Perhaps scientists and other theorists need to take an oath, analogous to the one that the medical profession is supposed to uphold: don't make the state of knowledge any less understandable or credible than it was when you found it. Of course, new theories are an important lifeblood of science. Science, as its strongest supporters have always noted approvingly, is self-correcting. Theories and results are constantly being challenged, and need to be.

But modern science is much like modern organisms. It has become so complex, the result of so many finely balanced processes, that any major change or mutation is far more likely to harm it than to help it. The most successful challenges to science are most likely to come from the bottom: new observations that aren't consistent with the mainstream view in some area, and demand a complete re-thinking. This is the way Darwinism was developed, for example, as well as quantum mechanics, and our modern understanding of genes. The history of science demonstrates, I think, that if a mainstream view is wrong, its shortcomings will eventually become too obvious to hide.

Sheldrake, in contrast, has tried to challenge science from the top. He did not begin with new observations, replicated by other researchers, that demanded an explanation not consistent with current theory. He re-interpreted certain established observations—which most scientists felt did not require a new explanation —so that they became supportive of a new theory. Only then did he attempt to find new evidence for this theory.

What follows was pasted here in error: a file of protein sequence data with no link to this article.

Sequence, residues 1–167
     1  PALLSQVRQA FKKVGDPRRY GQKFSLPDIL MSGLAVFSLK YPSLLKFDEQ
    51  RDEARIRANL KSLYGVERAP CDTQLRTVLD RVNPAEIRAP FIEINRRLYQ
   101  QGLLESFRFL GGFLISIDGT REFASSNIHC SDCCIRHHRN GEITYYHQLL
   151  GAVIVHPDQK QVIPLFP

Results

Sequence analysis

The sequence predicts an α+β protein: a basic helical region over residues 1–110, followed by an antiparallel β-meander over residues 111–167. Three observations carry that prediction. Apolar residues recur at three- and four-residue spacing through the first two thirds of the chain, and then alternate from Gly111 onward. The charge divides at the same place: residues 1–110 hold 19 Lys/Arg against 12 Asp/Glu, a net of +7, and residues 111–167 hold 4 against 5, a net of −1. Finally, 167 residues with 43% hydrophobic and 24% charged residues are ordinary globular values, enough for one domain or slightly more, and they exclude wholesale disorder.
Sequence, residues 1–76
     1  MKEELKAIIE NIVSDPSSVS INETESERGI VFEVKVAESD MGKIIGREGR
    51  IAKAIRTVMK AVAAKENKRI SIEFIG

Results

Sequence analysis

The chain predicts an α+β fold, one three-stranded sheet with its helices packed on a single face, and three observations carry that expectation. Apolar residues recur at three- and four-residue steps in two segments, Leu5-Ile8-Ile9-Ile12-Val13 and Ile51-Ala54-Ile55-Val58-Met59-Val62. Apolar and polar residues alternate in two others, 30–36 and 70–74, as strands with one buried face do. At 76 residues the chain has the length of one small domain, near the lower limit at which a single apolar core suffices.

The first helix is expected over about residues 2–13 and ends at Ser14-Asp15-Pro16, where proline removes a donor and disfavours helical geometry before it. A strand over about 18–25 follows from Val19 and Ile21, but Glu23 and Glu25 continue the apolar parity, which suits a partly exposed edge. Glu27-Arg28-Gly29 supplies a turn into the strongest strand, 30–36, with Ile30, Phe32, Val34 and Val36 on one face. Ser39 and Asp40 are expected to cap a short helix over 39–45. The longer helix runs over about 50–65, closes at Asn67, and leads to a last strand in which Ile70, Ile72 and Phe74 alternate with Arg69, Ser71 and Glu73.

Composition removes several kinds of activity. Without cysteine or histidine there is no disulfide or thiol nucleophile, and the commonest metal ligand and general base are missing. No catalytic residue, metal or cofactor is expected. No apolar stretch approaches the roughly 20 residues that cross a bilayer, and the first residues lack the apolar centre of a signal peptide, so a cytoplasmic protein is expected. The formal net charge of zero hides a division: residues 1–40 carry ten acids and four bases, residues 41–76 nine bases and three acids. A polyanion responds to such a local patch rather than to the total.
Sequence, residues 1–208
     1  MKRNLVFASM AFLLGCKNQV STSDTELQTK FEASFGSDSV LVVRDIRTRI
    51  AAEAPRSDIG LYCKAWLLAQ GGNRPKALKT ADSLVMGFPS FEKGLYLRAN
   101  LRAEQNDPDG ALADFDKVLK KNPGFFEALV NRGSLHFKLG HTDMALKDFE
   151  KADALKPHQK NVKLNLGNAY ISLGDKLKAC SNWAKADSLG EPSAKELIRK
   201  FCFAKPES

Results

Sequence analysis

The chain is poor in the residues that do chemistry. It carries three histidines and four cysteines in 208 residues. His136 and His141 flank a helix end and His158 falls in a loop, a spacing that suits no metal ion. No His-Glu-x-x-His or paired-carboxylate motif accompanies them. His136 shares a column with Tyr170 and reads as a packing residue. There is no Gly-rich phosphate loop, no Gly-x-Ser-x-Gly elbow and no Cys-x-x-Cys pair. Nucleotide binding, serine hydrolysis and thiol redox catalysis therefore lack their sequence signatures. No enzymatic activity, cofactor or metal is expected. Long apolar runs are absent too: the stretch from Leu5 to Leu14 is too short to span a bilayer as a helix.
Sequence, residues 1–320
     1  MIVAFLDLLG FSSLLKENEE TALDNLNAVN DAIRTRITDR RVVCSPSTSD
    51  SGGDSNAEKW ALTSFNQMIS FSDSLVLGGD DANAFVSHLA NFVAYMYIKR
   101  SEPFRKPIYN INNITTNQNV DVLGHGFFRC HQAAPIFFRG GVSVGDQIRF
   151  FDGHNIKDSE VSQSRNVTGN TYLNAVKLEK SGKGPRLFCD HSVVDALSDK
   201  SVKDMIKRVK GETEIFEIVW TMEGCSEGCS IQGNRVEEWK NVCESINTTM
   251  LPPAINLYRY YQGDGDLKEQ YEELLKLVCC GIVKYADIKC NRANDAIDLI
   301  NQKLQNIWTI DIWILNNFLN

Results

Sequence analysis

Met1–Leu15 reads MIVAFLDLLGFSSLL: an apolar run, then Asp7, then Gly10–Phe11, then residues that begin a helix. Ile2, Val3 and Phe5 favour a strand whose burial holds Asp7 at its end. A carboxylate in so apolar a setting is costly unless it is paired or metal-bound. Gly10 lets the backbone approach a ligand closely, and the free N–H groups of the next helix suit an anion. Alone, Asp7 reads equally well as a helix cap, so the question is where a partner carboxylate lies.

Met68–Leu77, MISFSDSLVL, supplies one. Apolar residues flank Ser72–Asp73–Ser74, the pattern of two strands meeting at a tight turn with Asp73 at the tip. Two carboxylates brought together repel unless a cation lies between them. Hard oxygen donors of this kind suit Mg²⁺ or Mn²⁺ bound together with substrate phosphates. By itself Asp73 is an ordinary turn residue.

Even in this case, his theorizing might have value, if in the process it stimulated new research that added to our knowledge. But as far as I can see, Sheldrake's theory has not even accomplished this. At some point, he has to stop complaining about what science has not shown, and reveal something new of his own.


1. For further discussion of this issue, see "Sheldrake's crystals: An exchange of views on morphogenesis leads to the conclusion that testing Sheldrake's ideas about crystallization is useless.",, and "Scientific delusions, or delusions about science? (Part four: on natural laws and resonating habits)",

2. Agar et al (1953) actually used a light discrimination task. McDougall (1930) himself switched from maze learning to this paradigm in a later set of studies (1930), because he found, as Agar did in his studies of light discrimination, that the health of the animals affected the results in maze learning, though in the opposite direction.


Agar, W.E., Drummond, F.H., Tiegs, O.W. and Gunson, M.M. (1953) Fourth (Final) Report on a test of McDougall's Lamarckian experiment on the training of rats. J Exp Biol 31, 307-321

McDougall, W. (1927) An experiment for the testing of the hypothesis of Lamarck. Brit J Psychol. 17, 267-304

McDougall, W. (1930) Second report on a Lamarckian experiment. British Journal of Psychology. General Section 20, 201-218